On the first Friday we were here we were walking down to the Old City of Jerusalem as thousands of Muslims were exiting the Old City for their buses to take them back to Palestinian areas of the West Bank for their sabbath. It was a jumble of people choking streets with the background of hawkers of vegetables, fruits, and bread entreating the passers by to stock up for their evening meal at home as they continued to celebrate their holy day. Yesterday, another Friday, we were leaving the Old City just a little earlier as thousands of Muslims funneled in through the Damascus Gate to go to mosque in time for the post-lunch service. This includes men in Arab dress (Yasser Arafat style), Western-dressed people, women in full chadors, scarved women with dark overcoats hiding their home clothing, children in "Sunday best" ("Friday best") being towed along. Pre-pubescent little girls in this tradition are often dressed to the nines in pink ruffles and patent leather mary janes.
|People streaming into the Damascus Gate for Friday|
service at one of the mosques.
To be a person walking the other way during these mass movements of people is to be like a fish swimming upstream.
And we've been here of course for three Jewish sabbaths. We've heard the Hasid rejoicing songs greeting the approach of the Sabbath on Fridays just before sundown. We've heard the siren-like blaring each Friday at sundown that brings the city to a stop. We've seen the astonishing reduction of traffic--as mostly everyone comes off the streets--beginning Friday evenings and going through daylight on Saturdays.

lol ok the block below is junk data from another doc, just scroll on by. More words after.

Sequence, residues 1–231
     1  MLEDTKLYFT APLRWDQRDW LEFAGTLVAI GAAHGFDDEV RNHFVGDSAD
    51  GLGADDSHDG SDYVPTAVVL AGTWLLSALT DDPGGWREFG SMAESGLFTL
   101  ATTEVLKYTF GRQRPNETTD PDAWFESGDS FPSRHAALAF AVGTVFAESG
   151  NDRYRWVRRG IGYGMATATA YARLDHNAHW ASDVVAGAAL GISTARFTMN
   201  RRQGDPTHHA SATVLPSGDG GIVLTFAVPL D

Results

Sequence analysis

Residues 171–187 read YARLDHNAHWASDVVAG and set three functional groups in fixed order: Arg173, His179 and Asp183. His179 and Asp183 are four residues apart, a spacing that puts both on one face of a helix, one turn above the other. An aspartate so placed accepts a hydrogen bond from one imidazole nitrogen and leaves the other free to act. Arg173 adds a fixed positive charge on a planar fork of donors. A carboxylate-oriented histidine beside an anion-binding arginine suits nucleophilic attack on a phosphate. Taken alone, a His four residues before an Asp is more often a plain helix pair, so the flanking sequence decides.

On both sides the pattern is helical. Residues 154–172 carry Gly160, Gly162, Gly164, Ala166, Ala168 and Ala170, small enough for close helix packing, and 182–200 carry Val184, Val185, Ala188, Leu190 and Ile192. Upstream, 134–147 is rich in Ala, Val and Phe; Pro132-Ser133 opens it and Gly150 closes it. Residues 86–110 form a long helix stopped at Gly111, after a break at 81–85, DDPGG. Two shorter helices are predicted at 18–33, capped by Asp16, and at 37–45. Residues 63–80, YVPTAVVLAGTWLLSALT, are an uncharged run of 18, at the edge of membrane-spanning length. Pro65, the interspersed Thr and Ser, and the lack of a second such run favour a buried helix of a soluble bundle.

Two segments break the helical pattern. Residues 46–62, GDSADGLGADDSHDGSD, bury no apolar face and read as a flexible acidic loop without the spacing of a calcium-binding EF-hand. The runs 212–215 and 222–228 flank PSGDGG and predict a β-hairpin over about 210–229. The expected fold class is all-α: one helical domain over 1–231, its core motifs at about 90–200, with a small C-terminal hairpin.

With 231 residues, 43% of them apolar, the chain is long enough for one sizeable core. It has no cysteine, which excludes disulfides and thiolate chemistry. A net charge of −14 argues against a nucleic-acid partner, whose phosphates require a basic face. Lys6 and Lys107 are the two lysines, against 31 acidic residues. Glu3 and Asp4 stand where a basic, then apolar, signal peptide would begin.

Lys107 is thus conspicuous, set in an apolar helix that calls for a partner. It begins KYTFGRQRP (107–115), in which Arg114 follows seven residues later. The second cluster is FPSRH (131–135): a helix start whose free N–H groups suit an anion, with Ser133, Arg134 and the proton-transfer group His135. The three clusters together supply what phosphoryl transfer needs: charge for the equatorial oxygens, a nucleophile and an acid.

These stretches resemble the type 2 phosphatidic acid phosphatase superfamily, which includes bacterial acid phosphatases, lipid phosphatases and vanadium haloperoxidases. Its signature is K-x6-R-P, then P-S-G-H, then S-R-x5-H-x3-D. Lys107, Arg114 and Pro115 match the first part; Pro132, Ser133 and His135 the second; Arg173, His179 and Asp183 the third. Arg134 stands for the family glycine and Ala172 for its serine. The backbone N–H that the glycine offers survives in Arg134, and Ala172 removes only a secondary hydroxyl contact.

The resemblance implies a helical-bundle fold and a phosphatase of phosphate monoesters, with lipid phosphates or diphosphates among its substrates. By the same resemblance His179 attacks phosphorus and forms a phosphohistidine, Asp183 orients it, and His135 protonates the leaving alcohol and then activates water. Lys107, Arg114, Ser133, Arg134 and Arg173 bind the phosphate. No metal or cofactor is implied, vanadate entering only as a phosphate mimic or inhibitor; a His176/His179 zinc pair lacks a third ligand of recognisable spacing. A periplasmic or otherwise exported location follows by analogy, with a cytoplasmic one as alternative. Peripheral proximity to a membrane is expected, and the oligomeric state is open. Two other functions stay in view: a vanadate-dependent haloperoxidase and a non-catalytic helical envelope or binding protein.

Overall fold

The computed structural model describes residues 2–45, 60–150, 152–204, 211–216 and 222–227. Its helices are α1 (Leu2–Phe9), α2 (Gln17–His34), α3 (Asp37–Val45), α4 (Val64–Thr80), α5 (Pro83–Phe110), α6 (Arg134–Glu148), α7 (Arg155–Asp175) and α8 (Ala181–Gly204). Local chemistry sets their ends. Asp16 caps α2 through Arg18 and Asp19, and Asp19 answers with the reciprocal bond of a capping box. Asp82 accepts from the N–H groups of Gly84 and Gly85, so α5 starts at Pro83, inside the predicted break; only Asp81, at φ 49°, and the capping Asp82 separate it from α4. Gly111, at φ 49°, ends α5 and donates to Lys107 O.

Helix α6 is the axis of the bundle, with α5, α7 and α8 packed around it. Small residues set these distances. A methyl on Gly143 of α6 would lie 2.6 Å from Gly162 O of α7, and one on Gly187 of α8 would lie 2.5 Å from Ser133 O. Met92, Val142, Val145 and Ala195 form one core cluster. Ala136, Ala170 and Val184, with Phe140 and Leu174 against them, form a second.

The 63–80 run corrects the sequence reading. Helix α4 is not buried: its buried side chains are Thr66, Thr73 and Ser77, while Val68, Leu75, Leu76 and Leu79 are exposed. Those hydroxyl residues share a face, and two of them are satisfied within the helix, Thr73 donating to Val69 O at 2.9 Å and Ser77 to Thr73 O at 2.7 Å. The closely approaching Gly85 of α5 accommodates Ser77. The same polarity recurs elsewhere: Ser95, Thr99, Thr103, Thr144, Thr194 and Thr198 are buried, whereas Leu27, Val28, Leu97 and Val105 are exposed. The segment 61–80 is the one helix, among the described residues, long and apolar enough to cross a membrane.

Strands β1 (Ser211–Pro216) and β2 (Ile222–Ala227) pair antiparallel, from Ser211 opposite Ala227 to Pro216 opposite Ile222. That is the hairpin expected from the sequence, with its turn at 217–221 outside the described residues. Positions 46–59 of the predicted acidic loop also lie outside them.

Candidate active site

It is most amazing to be here as most regular tourist services close down and things are hushed on Saturdays. We took a taxi today, the Jewish sabbath, (driven by a Palestinian) to our hotel on the outskirts of Tel Aviv. There were so few cars on the road; it was so noticeably different than usual. Our hotel follows sabbath custom and we are observing a good quiet day. Actually we took a much-needed nap and we're being quiet now. We are actually looking forward to sundown tonight, when the mall near here re-opens and maybe we can go for an ice cream. Or something stronger.
Sunday mornings in the Old City were also full of hustle and bustle as groups of Christian fellow travelers descend upon the Church of the Holy Sepulchre for Orthodox and Catholic worship.
In our case we went twice to the Lutheran Church of the Redeemer for a taste of American style worship in a small, friendly setting in the Old City, around the corner from Holy Sepulchre. One hears the deafening clang of many church bells at once, calling people to worship, and one is caught in the flow of pilgrims toward the churches.
|The roundel of the Paschal Lamb of Victory|
over the door into Redeemer Church. I love how that
front leg wraps around the victory standard...
|Closing time at the Church of the Holy Sepulchre|
Now, given that all these great religions are engaged, supposedly, in following the Divine who loves us with amazing and nonstop love, why are things between God's people so difficult? Well, I know, that is a naive question. But isn't this the essential question in this land? (Or any land for that matter.) What will it take for us to understand that loving each other, trusting each other, working past our own individual and national or tribal prejudices, is the only thing that will bring peace? God help us, and God help the people of Israel, all of them.
|Our reptilian friend at the garden of the Guest House|
at St. George's prepares for the sabbath, too